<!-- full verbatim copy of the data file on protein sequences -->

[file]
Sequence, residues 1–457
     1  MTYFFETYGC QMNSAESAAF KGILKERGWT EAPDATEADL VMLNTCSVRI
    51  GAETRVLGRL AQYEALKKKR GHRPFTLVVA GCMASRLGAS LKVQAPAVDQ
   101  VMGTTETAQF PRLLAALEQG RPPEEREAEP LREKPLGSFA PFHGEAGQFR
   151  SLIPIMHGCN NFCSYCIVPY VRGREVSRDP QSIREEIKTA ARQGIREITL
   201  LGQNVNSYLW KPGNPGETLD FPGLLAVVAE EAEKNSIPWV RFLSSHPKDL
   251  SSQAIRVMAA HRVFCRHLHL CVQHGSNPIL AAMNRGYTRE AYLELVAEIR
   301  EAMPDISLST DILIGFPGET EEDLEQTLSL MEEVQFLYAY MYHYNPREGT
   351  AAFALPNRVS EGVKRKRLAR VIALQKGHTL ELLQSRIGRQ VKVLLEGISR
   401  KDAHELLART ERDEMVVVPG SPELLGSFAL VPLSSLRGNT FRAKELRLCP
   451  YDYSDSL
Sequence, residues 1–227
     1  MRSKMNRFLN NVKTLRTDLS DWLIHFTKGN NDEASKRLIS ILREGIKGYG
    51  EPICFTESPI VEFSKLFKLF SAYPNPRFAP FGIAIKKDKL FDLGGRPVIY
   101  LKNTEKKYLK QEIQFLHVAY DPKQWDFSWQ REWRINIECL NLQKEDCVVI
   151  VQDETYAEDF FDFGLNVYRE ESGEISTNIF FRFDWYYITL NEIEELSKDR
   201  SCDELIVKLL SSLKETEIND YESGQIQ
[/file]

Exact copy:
Sequence, residues 1–457
     1  MTYFFETYGC QMNSAESAAF KGILKERGWT EAPDATEADL VMLNTCSVRI
    51  GAETRVLGRL AQYEALKKKR GHRPFTLVVA GCMASRLGAS LKVQAPAVDQ
   101  VMGTTETAQF PRLLAALEQG RPPEEREAEP LREKPLGSFA PFHGEAGQFR
   151  SLIPIMHGCN NFCSYCIVPY VRGREVSRDP QSIREEIKTA ARQGIREITL
   201  LGQNVNSYLW KPGNPGETLD FPGLLAVVAE EAEKNSIPWV RFLSSHPKDL
   251  SSQAIRVMAA HRVFCRHLHL CVQHGSNPIL AAMNRGYTRE AYLELVAEIR
   301  EAMPDISLST DILIGFPGET EEDLEQTLSL MEEVQFLYAY MYHYNPREGT
   351  AAFALPNRVS EGVKRKRLAR VIALQKGHTL ELLQSRIGRQ VKVLLEGISR
   401  KDAHELLART ERDEMVVVPG SPELLGSFAL VPLSSLRGNT FRAKELRLCP
   451  YDYSDSL
Sequence, residues 1–227
     1  MRSKMNRFLN NVKTLRTDLS DWLIHFTKGN NDEASKRLIS ILREGIKGYG
    51  EPICFTESPI VEFSKLFKLF SAYPNPRFAP FGIAIKKDKL FDLGGRPVIY
   101  LKNTEKKYLK QEIQFLHVAY DPKQWDFSWQ REWRINIECL NLQKEDCVVI
   151  VQDETYAEDF FDFGLNVYRE ESGEISTNIF FRFDWYYITL NEIEELSKDR
   201  SCDELIVKLL SSLKETEIND YESGQIQ